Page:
However, Murray’s not entirely at fault for Too Little. Director Amiel is the other obvious culprit. Amiel’s attempts at a spy thriller–even a spoof of a spy thriller–are awful. He apparently told composer Christopher Young to make the score sound like a Pink Panther cartoon. Young’s credited as “Chris Young” here… maybe he was embarrassed by the lame score. It’s technically fine, just stupid.

Another fine performance is from Anna Chancellor, in her too small role as Gallagher’s wife. Of course, the film forgets about branding she and Gallagher terrorists so it can get to its idiotic finish.

Too Little is dreadful and shouldn’t have been.

0/4ⓏⒺⓇⓄ

CREDITS

Directed by Jon Amiel; screenplay by Robert Farrar and Howard Franklin, based on a novel by Farrar; director of photography, Robert M. Stevens; edited by Pamela Power and Paul Karasick; music by Christopher Young; production designer, Jim Clay; produced by Arnon Milchan, Michael G. Nathanson and Mark Tarlov; released by Warner Bros.

Starring Bill Murray (Wallace Ritchie), Peter Gallagher (James Ritchie), Joanne Whalley (Lori), Alfred Molina (Boris ‘The Butcher’ Blavasky), Richard Wilson (Sir Roger Daggenhurst), John Standing (Gilbert Embleton), Simon Chandler (Hawkins), Geraldine James (Dr. Ludmilla Kropotkin), Anna Chancellor (Barbara Ritchie), Nicholas Woodeson (Sergei), Cliff Parisi (Uri), Dexter Fletcher (Otto) and Eddie Marsan (Mugger #1).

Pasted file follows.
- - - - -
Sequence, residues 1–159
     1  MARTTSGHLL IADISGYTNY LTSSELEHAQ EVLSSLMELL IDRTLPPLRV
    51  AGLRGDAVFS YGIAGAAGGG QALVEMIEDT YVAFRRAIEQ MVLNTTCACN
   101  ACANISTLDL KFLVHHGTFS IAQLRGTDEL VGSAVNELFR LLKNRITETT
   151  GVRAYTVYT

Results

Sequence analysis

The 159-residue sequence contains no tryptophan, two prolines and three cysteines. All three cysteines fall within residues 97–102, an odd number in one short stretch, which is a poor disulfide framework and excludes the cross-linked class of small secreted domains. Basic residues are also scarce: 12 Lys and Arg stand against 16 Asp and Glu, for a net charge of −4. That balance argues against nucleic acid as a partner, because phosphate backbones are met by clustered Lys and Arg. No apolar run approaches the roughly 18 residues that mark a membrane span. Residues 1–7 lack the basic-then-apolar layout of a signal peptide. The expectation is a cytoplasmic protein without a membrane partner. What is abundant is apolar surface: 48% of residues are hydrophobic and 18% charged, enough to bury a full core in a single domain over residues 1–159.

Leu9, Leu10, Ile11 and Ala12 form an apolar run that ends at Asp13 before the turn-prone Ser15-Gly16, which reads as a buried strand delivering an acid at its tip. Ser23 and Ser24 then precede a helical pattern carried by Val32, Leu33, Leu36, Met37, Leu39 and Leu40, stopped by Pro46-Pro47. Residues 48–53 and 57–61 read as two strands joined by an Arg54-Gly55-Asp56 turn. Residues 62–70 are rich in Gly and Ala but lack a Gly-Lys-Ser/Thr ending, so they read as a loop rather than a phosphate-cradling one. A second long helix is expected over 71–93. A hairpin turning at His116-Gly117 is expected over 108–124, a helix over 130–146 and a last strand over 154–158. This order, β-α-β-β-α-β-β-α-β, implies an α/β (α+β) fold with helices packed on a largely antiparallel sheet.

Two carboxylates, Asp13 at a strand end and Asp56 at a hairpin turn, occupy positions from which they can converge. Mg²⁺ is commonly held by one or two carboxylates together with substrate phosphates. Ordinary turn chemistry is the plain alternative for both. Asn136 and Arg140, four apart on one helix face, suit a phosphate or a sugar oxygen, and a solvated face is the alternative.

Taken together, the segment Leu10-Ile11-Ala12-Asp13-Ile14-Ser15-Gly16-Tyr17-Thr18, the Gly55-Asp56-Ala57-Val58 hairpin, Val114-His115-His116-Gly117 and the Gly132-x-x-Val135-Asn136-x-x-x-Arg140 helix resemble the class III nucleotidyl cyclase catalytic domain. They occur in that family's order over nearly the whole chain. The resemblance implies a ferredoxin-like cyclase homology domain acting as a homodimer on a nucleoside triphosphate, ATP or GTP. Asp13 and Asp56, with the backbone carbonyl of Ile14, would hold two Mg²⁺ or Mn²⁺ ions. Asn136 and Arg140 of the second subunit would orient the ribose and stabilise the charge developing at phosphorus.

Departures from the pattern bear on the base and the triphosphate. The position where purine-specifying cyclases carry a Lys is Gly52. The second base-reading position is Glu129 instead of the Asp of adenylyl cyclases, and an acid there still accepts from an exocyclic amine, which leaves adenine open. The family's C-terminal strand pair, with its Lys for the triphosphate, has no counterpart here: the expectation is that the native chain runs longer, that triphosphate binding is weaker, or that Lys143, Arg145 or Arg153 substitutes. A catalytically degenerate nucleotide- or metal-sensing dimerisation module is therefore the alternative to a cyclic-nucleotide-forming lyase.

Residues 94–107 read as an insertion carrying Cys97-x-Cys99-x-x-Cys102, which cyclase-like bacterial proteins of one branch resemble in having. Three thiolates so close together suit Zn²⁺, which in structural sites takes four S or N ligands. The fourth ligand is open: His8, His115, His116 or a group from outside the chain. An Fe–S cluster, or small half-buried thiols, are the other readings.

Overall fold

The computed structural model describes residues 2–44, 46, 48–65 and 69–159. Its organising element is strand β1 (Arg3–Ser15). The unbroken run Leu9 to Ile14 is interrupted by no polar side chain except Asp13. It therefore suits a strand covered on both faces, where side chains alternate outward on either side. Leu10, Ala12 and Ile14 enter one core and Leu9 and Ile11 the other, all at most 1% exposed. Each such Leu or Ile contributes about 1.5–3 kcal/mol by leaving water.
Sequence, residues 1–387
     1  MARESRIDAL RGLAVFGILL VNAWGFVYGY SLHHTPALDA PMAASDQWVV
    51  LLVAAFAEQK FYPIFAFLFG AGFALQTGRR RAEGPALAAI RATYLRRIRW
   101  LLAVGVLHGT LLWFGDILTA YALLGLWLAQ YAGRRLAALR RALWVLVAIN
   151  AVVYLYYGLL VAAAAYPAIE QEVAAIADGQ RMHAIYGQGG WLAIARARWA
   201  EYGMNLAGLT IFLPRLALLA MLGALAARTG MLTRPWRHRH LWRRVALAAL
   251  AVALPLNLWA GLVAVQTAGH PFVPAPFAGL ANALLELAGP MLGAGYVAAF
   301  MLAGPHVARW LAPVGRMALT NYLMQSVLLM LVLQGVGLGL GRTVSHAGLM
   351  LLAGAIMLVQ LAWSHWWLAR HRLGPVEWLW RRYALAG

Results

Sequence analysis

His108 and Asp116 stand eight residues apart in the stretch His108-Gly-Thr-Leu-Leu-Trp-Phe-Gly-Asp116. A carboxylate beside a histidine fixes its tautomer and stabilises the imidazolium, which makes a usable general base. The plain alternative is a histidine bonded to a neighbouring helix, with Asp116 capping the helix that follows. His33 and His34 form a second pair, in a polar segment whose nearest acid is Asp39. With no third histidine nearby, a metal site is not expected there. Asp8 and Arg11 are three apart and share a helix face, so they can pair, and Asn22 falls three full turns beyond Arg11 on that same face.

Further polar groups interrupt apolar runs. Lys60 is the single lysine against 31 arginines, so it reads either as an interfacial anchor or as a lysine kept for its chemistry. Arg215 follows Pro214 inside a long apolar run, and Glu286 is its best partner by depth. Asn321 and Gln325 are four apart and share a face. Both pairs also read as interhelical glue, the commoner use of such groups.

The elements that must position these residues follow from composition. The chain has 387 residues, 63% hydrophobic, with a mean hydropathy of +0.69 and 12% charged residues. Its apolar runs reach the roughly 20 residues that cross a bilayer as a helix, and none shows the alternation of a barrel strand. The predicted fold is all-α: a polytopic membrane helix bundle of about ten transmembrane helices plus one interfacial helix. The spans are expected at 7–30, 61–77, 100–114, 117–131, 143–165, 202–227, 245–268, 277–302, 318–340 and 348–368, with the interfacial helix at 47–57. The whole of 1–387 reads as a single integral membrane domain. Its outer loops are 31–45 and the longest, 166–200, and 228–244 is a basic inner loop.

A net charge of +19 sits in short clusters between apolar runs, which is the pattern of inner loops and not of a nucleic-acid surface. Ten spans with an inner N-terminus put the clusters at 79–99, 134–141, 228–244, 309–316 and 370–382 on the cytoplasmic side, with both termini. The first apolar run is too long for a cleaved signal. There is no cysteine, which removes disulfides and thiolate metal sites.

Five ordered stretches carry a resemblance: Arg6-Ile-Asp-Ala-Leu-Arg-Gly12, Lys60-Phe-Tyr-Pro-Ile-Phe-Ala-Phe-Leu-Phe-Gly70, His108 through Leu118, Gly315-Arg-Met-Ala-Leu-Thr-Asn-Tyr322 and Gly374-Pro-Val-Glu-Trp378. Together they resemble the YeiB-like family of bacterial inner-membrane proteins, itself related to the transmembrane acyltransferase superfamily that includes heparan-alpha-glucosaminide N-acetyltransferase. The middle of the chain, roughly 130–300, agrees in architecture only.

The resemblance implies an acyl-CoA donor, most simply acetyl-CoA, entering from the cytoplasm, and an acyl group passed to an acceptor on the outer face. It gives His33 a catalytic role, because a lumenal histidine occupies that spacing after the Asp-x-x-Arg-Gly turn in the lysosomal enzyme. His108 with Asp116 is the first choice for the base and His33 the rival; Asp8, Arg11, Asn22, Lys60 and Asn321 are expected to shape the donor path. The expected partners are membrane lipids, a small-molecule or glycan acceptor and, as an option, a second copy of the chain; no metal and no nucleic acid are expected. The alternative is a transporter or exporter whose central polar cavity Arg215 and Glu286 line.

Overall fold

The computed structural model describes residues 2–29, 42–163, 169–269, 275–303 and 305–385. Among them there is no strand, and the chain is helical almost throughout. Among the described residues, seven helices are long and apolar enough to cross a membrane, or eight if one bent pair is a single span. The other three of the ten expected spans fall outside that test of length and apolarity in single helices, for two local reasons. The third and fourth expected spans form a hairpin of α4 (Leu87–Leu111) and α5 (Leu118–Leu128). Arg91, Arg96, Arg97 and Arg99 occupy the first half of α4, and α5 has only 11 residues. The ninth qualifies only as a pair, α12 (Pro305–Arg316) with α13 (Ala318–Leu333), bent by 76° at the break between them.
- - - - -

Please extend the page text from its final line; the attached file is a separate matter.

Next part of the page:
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Willow (1988, Ron Howard)

I wonder if Willow’s lack of popularity has anything to do with the protagonist not fitting the regular sci-fi and fantasy and magic standard. Not because Warwick Davis is a dwarf, but because his character is so non-traditional. He’s not an idealistic youth, or a hidden prince… he’s a farmer with a wife, two kids and money problems. He’s some normal guy. It (along with the physical characteristics) block some of the idealizing.

Unrelated, Willow’s not very good. There’s a lot of blame to go around and, if the film weren’t from George Lucas’s conception, the responsibility would fall on screenwriter Bob Dolman. The dialogue is bad and he doesn’t have many good characters (only three, in fact). He doesn’t have any good villains—actually, they’re all quiet bad—and the action is poorly spread out. The biggest action sequence comes before the finale.

However, it’s a Lucas production (and he’s credited with the story), so I imagine many of those problems are Lucas’s fault.

But director Ron Howard isn’t without reproach. His composition is okay, but his direction of actors is terrible. He’s lucky to have Val Kilmer (in the Han Solo part) because Kilmer’s at least able to have fun without direction. Joanne Whalley is good (before she disappears) and Jean Marsh is an effective villain. But the acting’s otherwise mediocre or lame.

Another problem is the special effects. They’re too ambitious for composite shots, even with masterful stop motion.

Still, Willow’s not an abject failure.

0/4ⓏⒺⓇⓄ

CREDITS

Directed by Ron Howard; screenplay by Bob Dolman, based on a story by George Lucas; director of photography, Adrian Biddle; edited by Daniel P. Hanley, Mike Hill and Richard Hiscott; music by James Horner; production designer, Allan Cameron; produced by Nigel Wooll; released by Metro-Goldwyn-Mayer.